In Spain, it would be bizarre if you didn’t know someone who has or has had a piece of furniture manufactured in Nájera because this town of La Rioja has furnished half of Spain for decades.
But the thing is that we are not going to tell you much about furniture, but about others things that have happened in this place since the Arabs gave it the name of Náxara, meaning something like a place between rocks.
The area was no man’s land for a long time, and Moors and Christians fought here every Monday morning until King Sancho Garcés managed to control the territory. It was around the year 923, very soon after the Muslims destroyed Pamplona, when the royal court moved to Nájera, this way the city gained the momentum for what it would be its medieval splendour. From those times there is, for example, the remains of Mota Castle and the Citadel ones, but if there is a building that you should see here, for sure, is the Monastery of Santa Maria la Real.
Its story begins with the usual miracle in the Middle Ages. Is the year 1044, the king goes hunting and boom, he finds in a cave an image of the Virgin next to a bell and a bouquet of lilies, so what should they do next? Of course, it was necessary to build a monastery in the place.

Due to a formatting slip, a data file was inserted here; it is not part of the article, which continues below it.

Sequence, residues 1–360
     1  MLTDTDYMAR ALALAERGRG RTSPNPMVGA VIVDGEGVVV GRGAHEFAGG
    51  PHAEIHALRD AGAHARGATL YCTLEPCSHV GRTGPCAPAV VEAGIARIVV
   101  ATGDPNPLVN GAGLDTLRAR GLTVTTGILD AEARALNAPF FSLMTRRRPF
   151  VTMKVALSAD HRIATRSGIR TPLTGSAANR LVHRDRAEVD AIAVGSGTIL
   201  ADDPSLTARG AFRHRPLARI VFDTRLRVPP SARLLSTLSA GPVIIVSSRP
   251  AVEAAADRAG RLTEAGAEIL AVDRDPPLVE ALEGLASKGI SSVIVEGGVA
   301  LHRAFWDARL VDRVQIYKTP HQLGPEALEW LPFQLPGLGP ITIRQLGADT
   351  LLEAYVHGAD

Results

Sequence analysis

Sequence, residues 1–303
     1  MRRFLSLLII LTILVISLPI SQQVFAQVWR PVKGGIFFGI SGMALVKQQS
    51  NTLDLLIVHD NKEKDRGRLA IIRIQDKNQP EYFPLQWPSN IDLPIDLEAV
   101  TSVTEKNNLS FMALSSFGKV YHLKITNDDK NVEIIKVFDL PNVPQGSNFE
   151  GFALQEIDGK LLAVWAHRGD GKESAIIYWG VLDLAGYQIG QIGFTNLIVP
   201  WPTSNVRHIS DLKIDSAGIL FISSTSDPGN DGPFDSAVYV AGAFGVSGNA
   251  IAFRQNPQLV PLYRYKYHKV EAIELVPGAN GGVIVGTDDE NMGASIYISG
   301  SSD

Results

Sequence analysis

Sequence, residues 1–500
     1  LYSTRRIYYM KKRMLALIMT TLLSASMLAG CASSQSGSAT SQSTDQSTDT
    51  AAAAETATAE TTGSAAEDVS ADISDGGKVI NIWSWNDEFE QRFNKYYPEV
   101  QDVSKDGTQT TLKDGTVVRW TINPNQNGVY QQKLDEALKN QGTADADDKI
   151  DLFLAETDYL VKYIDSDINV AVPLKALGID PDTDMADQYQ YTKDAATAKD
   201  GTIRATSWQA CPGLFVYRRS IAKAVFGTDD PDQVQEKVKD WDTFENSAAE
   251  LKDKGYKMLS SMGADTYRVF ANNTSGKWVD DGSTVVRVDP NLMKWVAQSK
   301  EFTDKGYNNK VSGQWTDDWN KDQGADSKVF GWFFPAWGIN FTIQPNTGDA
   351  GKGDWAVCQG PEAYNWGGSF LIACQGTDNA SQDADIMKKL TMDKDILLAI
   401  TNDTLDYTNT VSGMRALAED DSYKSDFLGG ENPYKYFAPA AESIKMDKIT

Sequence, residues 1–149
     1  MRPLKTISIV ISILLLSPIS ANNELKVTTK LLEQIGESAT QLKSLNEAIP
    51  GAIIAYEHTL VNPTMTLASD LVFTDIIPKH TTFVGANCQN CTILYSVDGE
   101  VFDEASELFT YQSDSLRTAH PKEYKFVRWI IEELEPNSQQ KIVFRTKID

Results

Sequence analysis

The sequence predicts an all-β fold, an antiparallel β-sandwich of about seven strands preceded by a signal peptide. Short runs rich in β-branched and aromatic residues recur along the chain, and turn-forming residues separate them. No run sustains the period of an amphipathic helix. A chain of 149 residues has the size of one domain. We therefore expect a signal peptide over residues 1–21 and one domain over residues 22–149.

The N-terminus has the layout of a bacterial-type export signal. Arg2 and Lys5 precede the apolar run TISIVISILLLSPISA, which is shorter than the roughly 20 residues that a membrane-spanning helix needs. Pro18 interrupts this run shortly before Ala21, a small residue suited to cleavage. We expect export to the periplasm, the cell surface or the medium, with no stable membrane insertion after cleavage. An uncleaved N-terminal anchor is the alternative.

But the monarch also wanted the building to be famous and important, and the best thing for that was to bring a few relics to keep inside. An idea that, truthfully, was not very good, because when they tried to remove the remains of Saint Felice from his grave, the bishop in charge noticed how a mysterious force pulled him away from the grave and terribly deformed his face, at the same time a storm broke out which made all those attending the exhumation run away.
However, King García Sánchez was not impressed by this bad experience and decided to bring the ashes of Saint Milan from the Monastery of Suso. This time he went in person to direct the matter, but the oxen that carried the holy remains stopped just down the valley, and nobody managed to move them an inch. Disturbing, isn’t it?
Nevertheless, there is no lack of illustrious bodies in Santa Maria la Real. Here are the tombs of a long list of kings, queens and nobles, as well as the cave of the legend and many works of art and objects which come from a time when, in one way or another, history was turning and the Spain that we know today was starting to take form.